By Jake Donovan
Esquiva Falcao continues to enjoy a seamless transition into the pro ranks, following an incredible amateur career highlighted by his run as a Silver medalist for Brazil in the 2012 London Olympics.
The 24-year old turned pro earlier this year, and has since racked up five wins. The latest came in a 2nd round stoppage of Austin Marcum earlier this month in Orlando, Florida. His win earned airtime on UniMas’ Solo Boxeo Tecate boxing series, with all five of his fights to date airing either on UniMas or courtesy of promoter Top Rank’s live streaming service.
One more ring appearance is planned before closing out his first year in the pro ranks. Top Rank plans to bring him back on December 6 at a yet-to-be-determined venue in Southern California.
“It’s been a great first year so far; five fights, five wins and three by knockout,” Falcao told BoxingScene.com – through translator and manager Sergio Batarelli – in the moments following his knockout win over Marcum. “I’m going to fight again in California. God willing, I will have six wins and four knockouts after the fight to end the year.”
Since moving to the pro ranks, Falcao has placed more emphasis on his finishing skills, not wanting to leave anything to chance. It was a lesson he learned the hard way, coming up short in a controversial loss to Japan’s Ryota Murata in the 2012 Olympic middleweight finals in London.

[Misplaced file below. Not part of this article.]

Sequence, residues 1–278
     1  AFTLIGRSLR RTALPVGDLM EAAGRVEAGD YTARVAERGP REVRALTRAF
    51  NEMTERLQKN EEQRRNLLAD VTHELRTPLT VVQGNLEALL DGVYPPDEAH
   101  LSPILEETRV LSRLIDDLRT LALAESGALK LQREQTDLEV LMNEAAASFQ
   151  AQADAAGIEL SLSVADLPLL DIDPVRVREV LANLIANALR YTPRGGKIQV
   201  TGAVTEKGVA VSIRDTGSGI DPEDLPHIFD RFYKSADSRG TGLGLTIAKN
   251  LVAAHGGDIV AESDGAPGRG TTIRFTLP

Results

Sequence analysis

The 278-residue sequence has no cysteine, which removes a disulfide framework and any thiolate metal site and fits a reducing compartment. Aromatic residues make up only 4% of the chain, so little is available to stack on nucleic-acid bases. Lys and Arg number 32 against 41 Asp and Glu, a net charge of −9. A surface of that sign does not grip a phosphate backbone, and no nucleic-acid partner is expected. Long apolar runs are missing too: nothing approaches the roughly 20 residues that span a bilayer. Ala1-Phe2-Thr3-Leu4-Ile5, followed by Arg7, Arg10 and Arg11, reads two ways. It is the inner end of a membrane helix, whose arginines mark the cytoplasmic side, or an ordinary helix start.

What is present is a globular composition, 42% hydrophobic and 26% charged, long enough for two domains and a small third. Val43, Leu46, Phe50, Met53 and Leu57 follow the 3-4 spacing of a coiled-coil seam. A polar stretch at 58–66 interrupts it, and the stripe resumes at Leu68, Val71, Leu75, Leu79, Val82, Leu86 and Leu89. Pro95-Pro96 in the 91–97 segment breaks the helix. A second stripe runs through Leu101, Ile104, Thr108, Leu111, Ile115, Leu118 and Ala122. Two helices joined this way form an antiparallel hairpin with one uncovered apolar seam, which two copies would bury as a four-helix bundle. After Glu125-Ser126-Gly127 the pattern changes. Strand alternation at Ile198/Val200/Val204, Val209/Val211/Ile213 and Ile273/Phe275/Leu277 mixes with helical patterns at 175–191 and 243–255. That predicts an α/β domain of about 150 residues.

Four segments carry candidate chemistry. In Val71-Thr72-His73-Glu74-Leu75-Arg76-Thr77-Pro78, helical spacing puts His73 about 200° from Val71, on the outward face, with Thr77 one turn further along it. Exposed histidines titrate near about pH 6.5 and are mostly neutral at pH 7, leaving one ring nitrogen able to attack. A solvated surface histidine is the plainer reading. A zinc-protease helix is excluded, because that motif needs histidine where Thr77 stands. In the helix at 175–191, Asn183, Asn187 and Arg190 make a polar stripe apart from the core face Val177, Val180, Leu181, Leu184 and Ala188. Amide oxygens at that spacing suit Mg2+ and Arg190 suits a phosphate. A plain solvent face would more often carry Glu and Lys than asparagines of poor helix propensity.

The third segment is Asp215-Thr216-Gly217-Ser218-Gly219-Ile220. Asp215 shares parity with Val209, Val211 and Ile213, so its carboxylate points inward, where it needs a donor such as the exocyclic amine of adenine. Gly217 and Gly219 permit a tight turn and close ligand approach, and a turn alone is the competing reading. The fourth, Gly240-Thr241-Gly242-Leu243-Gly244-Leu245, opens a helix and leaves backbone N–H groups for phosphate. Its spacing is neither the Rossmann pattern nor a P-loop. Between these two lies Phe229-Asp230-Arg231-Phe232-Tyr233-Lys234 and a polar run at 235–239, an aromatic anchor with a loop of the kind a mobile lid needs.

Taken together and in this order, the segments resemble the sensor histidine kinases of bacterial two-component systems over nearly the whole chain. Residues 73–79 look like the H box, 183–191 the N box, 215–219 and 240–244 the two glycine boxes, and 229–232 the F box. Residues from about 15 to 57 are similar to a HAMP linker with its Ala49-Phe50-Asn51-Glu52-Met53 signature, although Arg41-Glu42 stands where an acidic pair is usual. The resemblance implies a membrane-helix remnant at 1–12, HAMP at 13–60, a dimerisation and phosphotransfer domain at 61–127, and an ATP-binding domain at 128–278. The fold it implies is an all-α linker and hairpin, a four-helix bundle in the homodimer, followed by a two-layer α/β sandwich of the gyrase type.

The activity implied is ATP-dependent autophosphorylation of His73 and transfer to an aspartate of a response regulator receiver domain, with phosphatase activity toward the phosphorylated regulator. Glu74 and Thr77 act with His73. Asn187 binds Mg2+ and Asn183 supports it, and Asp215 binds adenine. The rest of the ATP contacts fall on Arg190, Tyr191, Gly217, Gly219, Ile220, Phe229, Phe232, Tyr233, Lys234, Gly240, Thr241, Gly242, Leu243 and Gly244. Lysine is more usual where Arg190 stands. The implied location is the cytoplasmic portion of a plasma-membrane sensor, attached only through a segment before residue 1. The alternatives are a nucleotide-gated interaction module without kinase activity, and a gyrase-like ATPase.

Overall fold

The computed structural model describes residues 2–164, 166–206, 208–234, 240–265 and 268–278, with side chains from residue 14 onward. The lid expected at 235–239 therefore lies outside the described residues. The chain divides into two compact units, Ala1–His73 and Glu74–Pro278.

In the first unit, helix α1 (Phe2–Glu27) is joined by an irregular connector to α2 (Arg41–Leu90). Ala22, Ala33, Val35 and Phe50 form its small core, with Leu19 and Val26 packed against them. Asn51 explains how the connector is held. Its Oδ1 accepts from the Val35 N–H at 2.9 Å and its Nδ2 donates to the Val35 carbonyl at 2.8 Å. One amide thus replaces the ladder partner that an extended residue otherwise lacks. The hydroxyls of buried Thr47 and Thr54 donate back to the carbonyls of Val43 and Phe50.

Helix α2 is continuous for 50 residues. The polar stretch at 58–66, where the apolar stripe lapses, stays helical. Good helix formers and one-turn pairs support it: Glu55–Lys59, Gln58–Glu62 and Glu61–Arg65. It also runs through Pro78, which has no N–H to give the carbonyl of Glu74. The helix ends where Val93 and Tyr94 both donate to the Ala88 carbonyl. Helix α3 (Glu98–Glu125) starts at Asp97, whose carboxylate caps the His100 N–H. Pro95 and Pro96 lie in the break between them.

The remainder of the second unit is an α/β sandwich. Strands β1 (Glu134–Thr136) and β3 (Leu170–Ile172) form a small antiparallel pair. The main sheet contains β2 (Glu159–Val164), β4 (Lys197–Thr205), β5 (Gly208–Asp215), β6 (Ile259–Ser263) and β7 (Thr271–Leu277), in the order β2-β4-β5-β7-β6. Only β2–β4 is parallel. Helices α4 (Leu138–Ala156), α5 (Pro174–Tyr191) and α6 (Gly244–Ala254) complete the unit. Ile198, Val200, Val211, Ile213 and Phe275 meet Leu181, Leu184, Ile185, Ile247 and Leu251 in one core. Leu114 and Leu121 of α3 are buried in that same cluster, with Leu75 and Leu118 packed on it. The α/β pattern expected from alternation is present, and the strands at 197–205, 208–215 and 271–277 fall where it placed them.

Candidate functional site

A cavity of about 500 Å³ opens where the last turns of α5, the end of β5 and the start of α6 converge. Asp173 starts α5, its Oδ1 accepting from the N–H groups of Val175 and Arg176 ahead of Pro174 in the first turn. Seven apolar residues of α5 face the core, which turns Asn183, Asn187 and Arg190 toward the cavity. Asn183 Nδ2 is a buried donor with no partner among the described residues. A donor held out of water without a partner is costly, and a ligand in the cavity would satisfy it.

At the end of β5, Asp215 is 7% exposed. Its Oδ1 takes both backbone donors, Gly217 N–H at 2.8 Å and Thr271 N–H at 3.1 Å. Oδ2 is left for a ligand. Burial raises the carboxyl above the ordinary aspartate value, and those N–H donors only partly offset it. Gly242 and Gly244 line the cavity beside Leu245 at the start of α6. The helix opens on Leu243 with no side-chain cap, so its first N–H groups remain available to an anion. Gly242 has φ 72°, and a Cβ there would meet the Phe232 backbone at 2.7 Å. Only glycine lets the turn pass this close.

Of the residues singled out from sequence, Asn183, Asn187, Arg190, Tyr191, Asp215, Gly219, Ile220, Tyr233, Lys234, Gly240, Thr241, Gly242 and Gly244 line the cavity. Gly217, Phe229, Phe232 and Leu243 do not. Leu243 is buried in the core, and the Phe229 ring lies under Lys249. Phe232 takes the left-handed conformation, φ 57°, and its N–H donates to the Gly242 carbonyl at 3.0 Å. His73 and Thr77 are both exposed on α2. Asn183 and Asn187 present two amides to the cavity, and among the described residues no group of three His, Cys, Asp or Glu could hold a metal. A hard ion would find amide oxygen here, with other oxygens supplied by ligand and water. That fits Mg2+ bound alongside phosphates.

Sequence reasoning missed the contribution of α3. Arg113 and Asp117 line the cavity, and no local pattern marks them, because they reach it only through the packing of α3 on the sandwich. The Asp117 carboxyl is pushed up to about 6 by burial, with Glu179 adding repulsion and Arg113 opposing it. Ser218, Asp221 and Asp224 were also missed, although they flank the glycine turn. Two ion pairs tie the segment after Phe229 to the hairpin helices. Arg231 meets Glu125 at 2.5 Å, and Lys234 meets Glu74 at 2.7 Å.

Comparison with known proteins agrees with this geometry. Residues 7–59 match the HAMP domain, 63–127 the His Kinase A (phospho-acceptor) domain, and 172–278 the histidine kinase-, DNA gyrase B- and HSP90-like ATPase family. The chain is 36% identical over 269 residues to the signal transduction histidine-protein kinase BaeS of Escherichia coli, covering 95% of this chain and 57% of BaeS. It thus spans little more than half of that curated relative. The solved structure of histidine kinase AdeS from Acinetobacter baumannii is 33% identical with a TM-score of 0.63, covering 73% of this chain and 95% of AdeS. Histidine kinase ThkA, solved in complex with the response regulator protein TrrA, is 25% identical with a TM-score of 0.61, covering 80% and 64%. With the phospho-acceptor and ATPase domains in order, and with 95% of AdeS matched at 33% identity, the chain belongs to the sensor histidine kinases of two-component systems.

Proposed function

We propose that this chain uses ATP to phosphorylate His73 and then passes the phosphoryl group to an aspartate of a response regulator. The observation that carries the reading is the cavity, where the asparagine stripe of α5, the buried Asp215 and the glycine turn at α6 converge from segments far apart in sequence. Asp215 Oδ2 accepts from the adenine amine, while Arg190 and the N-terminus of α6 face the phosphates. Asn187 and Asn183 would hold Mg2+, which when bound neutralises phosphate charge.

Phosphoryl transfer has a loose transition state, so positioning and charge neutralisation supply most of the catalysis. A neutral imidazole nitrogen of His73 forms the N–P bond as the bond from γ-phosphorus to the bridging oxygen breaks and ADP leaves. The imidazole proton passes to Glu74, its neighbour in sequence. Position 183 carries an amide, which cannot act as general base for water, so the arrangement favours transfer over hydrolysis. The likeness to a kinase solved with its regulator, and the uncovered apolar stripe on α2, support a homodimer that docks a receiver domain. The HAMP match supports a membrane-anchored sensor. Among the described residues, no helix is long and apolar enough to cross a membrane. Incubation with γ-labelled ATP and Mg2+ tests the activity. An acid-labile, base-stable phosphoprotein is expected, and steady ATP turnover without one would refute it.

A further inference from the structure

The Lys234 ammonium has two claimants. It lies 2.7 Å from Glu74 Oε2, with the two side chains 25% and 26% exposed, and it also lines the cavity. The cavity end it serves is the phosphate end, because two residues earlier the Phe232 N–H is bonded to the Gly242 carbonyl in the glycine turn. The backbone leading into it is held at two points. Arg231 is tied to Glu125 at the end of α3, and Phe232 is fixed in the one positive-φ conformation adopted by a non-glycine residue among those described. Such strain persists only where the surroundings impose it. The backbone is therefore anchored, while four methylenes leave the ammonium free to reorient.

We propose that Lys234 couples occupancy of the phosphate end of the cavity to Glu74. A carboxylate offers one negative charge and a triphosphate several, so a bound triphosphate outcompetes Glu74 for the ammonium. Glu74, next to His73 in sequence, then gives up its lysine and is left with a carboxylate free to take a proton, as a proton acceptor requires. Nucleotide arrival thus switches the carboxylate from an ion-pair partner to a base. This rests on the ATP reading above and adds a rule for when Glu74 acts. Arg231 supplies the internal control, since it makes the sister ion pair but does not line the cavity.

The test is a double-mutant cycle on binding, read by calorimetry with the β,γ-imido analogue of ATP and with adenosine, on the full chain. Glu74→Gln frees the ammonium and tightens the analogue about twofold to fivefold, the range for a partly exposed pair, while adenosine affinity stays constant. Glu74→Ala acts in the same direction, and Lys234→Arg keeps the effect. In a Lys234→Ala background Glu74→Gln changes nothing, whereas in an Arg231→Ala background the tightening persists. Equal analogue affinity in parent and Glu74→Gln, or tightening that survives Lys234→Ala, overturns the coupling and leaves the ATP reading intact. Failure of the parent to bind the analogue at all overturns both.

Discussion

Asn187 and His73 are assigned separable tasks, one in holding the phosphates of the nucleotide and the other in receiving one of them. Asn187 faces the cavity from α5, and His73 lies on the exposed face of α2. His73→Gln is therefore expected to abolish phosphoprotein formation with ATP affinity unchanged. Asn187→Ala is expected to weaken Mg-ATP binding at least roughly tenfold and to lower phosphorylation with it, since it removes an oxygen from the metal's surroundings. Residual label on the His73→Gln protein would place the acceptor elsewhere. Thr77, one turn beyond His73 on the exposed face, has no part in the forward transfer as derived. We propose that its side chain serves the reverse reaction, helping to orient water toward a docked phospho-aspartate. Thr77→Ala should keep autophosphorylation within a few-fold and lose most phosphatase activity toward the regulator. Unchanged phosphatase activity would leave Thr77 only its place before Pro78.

It was his second loss to Murata in as many years, coming up short in the 2011 World Amateur championships. The repeat defeat was still good enough to make history, becoming the first ever boxer from Brazil to capture an Olympic silver medal. His run in the Olympics took place at 165 lb., the same weight at which he made his pro debut this past February.
He’s since dropped in weight with each passing fight, weighing a career low 158¼ lb. on Saturday. As he transitions from prospect to contender, chances are he will be even lighter.
“I feel a lot stronger as I move down towards (154 lb.),” Falcao reveals. “When I fight at middleweight and heavier, I notice the difference. The opponents are taller and heavier, and it doesn’t feel natural to me fighting at that weight. I feel more comfortable fighting at 154; I hope to fight there for my first world title.”
A title shot is very well inevitable, but not in his immediate future. The December 6 showcase will most likely mark his last scheduled six-round affair, as his team steps up the pace in 2015.
“I would like to move to eight-round fights after this,” Falcao states. “I will try to win every fight by knockout, no matter how many rounds it’s scheduled for. The plan is to fight and win six times in 2015, and get a world ranking at 154 by the end of next year.”
Jake Donovan is the Managing Editor of BoxingScene.com, as well as a member of Transnational Boxing Ratings Board and the Boxing Writers Association of America. Twitter: @JakeNDaBox